and here we are once again! Welcome to Monday and yes, this Monday means that Thanksgiving is only three days away! Time to crank up and get moving as we get to celebrate America’s holiday!
Today I am reviewing the book,
For those of us who have loved Kate Morton’s books this one is a treat to behold. She is back mesmerizing us and making us feel ever so present in the pages, the characters, and the places she writes of.
Edward Radcliff is an artist who spies a beautiful red haired woman and falls for her as both the woman he eventually loves and as his muse. Her name is Birdie Bell and she has had a sad and somewhat checkered past but she inspires Edward and as they venture to his home Birchwood Manor, we venture into a house that hold many secrets and lives within its history. It is a house spun by dreams, haunted by memories, propelled by expectancy.
Years later, Elodie Winslow, an archivist, and while researching James Stratton, finds a leather bag which contains both a sketchbook with a drawing of a home near a river, plus the photograph of a Victorian woman. These two things begin to haunt Elodie as she feels a connection to this home. Elodie is driven to explore, find, and discover what it is that makes this house, this drawing, become a part of her own personal story.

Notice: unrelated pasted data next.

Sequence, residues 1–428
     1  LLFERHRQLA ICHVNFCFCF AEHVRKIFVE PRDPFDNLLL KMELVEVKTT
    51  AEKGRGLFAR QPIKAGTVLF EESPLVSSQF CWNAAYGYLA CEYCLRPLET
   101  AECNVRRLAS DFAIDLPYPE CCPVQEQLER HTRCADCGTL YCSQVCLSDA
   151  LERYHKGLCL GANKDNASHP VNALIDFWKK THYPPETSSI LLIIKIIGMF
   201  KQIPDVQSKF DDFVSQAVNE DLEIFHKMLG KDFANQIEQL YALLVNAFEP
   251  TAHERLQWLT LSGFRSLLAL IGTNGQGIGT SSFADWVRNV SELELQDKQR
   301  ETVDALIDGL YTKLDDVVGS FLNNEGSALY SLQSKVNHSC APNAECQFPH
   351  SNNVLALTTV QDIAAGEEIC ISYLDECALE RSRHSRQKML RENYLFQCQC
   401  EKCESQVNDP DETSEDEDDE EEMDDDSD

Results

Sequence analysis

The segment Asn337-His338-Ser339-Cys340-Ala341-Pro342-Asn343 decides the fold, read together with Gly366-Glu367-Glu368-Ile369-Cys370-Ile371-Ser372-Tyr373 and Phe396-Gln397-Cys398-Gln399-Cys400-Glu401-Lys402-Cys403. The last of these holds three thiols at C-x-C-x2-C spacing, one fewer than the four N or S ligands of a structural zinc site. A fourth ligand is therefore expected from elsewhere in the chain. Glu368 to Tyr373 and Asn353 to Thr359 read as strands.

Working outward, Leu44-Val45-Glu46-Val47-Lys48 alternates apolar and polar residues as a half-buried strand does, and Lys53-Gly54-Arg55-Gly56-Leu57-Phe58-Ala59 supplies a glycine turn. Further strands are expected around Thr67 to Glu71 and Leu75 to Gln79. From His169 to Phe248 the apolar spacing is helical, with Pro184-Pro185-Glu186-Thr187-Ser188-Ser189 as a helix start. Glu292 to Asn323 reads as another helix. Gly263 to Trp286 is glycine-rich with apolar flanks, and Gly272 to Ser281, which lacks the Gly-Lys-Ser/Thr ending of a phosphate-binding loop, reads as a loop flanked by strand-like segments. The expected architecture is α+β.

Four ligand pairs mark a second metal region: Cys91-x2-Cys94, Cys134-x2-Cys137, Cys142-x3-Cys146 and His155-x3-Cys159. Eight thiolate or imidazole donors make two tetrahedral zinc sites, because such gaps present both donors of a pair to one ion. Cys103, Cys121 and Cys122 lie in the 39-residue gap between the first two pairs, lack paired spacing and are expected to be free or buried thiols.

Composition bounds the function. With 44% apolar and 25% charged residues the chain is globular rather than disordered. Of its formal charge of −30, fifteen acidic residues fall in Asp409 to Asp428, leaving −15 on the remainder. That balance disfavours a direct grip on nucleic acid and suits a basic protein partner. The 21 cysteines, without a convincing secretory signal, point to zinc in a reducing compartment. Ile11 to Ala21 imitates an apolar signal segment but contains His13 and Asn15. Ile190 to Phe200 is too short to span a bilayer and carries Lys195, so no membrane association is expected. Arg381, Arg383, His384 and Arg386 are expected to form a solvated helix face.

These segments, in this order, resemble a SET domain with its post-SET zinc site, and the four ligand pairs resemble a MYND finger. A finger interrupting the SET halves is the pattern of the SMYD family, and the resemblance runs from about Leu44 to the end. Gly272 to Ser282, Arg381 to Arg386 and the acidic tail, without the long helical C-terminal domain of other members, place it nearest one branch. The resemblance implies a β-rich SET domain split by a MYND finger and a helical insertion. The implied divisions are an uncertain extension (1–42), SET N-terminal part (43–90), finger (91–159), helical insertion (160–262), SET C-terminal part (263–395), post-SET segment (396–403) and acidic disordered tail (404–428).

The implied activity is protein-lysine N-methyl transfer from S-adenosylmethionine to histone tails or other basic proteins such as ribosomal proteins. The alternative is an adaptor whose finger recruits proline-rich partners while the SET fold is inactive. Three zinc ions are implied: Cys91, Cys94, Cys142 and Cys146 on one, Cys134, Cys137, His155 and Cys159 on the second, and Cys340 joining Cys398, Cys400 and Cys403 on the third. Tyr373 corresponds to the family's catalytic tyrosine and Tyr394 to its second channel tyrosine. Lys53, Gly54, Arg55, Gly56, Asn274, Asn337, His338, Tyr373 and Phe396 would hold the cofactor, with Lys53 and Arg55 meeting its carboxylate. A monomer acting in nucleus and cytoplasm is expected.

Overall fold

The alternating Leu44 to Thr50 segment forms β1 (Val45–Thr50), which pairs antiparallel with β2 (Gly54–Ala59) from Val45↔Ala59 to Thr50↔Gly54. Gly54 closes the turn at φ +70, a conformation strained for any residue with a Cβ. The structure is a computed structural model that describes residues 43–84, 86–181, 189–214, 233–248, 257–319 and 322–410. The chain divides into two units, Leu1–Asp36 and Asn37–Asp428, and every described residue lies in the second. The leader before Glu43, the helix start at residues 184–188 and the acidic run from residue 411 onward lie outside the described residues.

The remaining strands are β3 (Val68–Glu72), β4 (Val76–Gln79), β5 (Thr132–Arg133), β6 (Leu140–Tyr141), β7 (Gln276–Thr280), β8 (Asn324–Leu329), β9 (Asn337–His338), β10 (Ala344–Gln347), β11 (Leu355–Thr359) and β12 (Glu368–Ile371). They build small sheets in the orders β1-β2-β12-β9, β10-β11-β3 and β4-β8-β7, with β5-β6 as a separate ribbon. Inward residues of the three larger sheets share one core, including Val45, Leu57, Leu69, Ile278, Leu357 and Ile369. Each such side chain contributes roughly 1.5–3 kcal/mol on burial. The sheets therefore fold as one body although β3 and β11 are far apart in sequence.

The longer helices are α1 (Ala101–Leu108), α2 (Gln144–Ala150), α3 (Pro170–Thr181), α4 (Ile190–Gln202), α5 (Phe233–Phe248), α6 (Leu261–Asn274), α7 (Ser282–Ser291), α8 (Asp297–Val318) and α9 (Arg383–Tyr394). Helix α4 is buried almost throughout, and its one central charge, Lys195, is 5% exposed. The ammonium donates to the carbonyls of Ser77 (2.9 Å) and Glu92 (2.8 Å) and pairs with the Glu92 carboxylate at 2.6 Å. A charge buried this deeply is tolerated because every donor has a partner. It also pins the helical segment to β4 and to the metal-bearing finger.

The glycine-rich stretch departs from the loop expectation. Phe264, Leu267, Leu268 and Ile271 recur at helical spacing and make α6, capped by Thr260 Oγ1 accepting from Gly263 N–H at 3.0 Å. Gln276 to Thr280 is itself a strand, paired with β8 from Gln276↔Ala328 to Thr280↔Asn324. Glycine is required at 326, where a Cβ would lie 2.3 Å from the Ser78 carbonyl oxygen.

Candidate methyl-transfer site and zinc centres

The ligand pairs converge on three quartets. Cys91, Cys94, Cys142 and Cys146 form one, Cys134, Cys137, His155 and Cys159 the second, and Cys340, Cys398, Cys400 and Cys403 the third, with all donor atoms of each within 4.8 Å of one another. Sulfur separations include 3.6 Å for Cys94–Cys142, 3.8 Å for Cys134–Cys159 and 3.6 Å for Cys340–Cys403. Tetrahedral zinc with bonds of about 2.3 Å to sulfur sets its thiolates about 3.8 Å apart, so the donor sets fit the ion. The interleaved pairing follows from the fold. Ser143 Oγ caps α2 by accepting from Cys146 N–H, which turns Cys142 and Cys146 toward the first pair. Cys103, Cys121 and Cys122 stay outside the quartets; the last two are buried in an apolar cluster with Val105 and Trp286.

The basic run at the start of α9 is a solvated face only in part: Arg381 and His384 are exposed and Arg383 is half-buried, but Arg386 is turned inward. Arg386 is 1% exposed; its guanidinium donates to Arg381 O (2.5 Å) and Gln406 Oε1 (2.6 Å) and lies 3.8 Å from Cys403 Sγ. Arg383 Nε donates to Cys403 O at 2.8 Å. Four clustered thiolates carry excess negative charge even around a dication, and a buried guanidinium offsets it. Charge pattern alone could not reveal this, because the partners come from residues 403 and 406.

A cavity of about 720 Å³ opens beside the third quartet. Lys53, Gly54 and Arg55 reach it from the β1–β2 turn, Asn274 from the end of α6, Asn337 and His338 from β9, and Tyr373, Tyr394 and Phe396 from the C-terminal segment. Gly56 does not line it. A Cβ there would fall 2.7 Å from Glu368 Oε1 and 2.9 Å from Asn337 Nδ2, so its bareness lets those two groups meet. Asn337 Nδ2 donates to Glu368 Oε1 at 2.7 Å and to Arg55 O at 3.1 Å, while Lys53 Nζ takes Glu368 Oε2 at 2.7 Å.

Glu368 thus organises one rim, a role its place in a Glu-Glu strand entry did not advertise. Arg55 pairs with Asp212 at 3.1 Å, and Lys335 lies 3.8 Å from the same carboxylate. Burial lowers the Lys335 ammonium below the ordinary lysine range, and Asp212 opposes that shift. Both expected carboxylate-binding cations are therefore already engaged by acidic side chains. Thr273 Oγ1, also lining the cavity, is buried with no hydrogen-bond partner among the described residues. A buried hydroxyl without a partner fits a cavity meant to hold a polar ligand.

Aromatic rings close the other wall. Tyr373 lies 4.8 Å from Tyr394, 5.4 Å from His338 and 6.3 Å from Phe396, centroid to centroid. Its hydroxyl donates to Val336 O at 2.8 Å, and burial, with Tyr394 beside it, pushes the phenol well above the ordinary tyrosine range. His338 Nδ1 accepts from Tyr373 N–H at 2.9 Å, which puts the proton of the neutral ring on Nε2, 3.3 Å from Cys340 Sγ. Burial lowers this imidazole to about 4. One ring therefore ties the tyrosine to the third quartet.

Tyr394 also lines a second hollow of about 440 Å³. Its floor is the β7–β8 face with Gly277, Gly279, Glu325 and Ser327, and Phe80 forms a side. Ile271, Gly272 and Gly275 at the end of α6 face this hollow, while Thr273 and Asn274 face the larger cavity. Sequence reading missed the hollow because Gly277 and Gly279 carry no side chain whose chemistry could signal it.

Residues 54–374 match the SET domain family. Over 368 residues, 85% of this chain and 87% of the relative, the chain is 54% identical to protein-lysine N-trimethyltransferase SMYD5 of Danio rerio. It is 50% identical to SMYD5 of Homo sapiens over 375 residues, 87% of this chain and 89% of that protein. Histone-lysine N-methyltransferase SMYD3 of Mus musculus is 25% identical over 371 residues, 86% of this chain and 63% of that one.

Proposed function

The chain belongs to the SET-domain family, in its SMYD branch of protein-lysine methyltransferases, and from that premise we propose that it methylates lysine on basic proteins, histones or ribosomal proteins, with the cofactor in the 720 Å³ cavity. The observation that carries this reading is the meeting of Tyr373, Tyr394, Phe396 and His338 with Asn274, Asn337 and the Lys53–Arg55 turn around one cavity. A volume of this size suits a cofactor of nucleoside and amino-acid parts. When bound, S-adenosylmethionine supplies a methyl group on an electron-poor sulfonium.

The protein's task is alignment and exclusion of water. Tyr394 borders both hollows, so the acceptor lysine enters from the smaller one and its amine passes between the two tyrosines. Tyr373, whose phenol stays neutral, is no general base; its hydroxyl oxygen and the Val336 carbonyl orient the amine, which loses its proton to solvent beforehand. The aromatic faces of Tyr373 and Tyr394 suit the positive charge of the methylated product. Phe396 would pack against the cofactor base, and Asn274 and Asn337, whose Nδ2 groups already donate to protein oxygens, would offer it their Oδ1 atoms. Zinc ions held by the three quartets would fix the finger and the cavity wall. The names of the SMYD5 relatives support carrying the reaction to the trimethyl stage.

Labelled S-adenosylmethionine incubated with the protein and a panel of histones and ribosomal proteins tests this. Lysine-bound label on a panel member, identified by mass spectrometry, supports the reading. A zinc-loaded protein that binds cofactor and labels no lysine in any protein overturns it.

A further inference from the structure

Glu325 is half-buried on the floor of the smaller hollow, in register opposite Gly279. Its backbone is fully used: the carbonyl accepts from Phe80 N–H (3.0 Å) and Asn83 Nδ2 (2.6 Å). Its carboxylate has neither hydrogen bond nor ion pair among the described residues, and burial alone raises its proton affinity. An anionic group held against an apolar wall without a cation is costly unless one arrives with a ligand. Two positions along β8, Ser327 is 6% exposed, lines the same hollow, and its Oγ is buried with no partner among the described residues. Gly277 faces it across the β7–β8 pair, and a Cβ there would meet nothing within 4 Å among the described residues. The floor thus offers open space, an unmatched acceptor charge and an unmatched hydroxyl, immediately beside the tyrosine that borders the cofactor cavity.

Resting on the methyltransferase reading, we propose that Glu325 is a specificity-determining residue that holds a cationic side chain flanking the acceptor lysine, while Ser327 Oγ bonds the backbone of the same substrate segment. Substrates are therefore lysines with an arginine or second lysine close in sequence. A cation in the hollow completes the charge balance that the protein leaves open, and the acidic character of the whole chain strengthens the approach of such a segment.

Told through many different narratives, Kate Morton is able to weave a story of love, of murder, and the fates that awaited both Edward and Birdie in a house that seemed to hold mystery and haunting. Making the house and what it knows and holds within its walls a central focus of this story gives the book an enigmatic, mystical feel bringing together the lives of the people who once lived there and those people who presently come to know this home. Written as a lyrical mesmerizing tale, Kate Morton is able to bring together a well written mystifying tale that entraps the reader into a world where suspense, expectancy, and magic prevail.
“I wanted you to see what a balm love is. What it is to share one’s life, to really share it, so that very little matters outside the certainty of its walls. Because the world is very noisy, Elodie, and although life is filled with joy and wonder, there’s evil and sorrow and injustice, too.”
4 thoughts on “The Clockmaker’s Daughter by Kate Morton #theclockmakersdaughter @katemortonauthor #mystery #love #murder #ghosts #chesapeakepubliclibrary @absltmom”
Beautiful review, Marialyce. This is probably going to end up being my first book by the author.
Lovely review Marialyce!! KM is my favourite author and although this wasn’t my favourite book of hers, I still loved it!! Glad you enjoyed!
Yay, you loved it! It really is a treat of a read. Happy Thanksgiving, Marialyce!